In response to my appeal for Blitz memories, Ralph Gayton, of Norwich, has sent the following:
“Although I was only rising six at the time the events of that day and night, Monday 27th April, 1942, remain vivid in my memory.
My aunt Hilda (Lockwood) and her three children, Beryl, 11, Jack 7, and Margaret, 3 months, had visited our house at Knowsley Road that afternoon.
It was a lovely warm spring day and we enjoyed a very pleasant afternoon together. Beryl, who had passed the 11 plus, was looking forward to starting at the Blyth School. My cousin Jack and I played together. When they left at about 4.30 Beryl rode her bicycle and my local friend, Malcolm, and I laughed as she wobbled off home to 65 Rosebery Road.
The next morning we learned that Rosebery Road had been hit in the raid the previous night, a night of terror as the bombs seemed to fall without pause. My mother, father and I spent that night, and many others, in our Anderson shelter.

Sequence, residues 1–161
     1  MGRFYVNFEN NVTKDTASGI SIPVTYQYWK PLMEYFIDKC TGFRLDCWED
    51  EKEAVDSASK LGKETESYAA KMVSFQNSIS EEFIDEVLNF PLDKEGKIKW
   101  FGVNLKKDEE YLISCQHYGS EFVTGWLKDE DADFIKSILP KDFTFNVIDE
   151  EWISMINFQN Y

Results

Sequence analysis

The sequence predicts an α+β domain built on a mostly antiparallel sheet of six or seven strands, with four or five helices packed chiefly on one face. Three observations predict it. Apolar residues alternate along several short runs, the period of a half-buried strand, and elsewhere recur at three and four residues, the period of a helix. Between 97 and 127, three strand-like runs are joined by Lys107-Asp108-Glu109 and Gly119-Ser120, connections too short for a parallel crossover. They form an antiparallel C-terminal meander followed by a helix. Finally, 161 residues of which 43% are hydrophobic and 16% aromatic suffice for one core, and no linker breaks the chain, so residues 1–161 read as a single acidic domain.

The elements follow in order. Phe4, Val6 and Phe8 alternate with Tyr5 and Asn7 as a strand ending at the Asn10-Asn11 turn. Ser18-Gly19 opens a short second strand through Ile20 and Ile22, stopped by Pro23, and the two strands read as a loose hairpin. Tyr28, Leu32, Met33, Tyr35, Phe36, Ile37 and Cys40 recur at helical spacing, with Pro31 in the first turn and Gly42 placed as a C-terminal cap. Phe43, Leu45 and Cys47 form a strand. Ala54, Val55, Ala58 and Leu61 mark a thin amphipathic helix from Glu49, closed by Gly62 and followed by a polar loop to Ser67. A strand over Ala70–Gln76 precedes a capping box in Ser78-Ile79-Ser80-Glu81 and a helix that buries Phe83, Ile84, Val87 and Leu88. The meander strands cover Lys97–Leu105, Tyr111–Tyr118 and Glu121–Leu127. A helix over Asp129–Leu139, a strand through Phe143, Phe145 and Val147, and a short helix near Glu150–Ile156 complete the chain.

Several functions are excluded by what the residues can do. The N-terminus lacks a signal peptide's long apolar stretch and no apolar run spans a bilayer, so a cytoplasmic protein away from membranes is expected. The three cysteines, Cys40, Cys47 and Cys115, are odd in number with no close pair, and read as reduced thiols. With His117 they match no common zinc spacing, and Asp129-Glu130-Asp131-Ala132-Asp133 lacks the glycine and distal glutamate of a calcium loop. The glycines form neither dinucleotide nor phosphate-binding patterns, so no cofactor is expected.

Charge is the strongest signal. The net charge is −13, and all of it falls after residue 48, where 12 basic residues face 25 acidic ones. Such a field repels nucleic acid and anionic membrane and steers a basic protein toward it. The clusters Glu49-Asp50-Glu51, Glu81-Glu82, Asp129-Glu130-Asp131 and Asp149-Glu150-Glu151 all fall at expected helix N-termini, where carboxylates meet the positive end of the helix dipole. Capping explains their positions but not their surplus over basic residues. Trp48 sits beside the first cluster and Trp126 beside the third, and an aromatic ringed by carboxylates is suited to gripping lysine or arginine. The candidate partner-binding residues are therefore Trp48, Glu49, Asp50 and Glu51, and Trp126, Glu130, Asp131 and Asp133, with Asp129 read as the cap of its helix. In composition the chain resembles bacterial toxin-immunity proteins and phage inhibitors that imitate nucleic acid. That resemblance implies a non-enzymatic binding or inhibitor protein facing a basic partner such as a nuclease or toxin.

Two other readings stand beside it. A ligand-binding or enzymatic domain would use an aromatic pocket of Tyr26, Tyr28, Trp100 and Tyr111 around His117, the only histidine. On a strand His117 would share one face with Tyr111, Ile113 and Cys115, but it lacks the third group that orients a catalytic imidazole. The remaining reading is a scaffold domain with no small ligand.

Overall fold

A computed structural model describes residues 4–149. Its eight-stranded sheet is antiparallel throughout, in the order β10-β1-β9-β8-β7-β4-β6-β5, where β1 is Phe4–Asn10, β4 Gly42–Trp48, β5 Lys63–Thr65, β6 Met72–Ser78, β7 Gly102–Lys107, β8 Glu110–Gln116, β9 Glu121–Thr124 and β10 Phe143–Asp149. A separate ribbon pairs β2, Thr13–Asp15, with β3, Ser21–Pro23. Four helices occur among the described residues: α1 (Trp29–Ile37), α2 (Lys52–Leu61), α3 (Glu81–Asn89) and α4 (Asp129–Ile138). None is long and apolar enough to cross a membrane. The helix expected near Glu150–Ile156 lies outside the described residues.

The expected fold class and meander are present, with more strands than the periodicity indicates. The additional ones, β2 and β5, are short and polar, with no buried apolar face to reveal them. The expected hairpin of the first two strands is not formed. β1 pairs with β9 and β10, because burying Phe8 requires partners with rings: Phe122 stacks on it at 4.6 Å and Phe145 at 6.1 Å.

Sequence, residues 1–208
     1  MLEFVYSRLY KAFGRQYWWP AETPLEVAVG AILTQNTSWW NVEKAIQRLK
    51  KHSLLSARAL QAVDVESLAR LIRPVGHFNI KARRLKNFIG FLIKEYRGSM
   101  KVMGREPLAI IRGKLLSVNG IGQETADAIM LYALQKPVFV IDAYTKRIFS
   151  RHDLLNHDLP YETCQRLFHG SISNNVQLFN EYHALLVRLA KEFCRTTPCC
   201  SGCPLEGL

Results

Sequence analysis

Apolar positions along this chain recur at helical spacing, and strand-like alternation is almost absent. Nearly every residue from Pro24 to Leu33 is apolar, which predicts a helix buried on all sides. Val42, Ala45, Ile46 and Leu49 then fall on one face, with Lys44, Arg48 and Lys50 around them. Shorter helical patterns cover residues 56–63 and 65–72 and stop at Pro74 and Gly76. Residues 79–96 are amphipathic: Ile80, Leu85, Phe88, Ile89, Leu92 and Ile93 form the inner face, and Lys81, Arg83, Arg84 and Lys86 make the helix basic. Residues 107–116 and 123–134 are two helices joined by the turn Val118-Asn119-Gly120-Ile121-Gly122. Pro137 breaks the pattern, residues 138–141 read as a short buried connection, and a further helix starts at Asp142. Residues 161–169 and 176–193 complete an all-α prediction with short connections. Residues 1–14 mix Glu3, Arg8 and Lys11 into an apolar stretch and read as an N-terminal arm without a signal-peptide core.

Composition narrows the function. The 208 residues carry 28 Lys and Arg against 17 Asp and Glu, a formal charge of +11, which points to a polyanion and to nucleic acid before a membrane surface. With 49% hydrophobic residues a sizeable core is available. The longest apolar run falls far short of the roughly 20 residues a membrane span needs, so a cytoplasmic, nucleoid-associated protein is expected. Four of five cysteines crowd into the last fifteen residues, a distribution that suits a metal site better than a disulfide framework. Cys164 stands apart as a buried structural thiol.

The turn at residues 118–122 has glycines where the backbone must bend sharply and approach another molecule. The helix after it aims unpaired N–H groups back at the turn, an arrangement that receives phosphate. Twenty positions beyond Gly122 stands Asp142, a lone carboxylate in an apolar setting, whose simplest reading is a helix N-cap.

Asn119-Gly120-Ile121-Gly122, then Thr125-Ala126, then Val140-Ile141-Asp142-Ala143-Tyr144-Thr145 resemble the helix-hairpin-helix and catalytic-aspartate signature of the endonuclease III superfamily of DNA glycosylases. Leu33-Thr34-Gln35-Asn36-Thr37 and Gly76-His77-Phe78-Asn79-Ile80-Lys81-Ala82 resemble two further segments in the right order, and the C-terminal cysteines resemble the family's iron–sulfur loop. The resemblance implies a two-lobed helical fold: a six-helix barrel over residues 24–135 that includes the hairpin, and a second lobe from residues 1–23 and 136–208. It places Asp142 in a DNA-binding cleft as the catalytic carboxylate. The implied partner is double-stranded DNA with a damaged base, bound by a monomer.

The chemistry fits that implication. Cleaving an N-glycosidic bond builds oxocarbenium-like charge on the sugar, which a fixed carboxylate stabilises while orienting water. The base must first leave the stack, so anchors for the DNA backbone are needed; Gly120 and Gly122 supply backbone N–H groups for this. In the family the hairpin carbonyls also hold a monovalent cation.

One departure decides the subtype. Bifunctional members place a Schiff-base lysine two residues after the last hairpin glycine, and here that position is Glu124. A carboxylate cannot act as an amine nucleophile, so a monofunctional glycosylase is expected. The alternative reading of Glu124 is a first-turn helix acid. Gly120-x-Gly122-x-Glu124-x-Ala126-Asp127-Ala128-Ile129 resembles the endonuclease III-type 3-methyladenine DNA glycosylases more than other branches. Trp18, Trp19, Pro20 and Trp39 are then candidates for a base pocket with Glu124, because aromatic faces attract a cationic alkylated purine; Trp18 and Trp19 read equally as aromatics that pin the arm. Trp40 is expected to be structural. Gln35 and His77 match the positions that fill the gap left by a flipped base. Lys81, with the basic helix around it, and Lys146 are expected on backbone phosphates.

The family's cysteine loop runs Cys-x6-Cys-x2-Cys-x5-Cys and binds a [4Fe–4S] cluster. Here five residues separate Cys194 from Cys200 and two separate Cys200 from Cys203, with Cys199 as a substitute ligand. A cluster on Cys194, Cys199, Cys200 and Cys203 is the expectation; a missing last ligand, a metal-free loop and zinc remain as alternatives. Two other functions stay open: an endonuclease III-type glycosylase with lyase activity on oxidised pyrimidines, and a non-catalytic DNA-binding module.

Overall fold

Our worst fears were realised when we learned on the Tuesday morning that No 63 and 65 Rosebery Road had been hit and that my aunt and three cousins had been killed. Cousin Margaret, at three months old, was the youngest victim of the raid. My uncle, my mother’s brother, was an Air Raid Warden and had been on duty at the Warden’s post at the far end of Rosebery Road. He had the terrible experience of discovering the deaths of his family after the raid.
The second raid on the Wednesday renewed the fear and terror of the Monday night and I recall the shivering and teeth chattering I experienced.”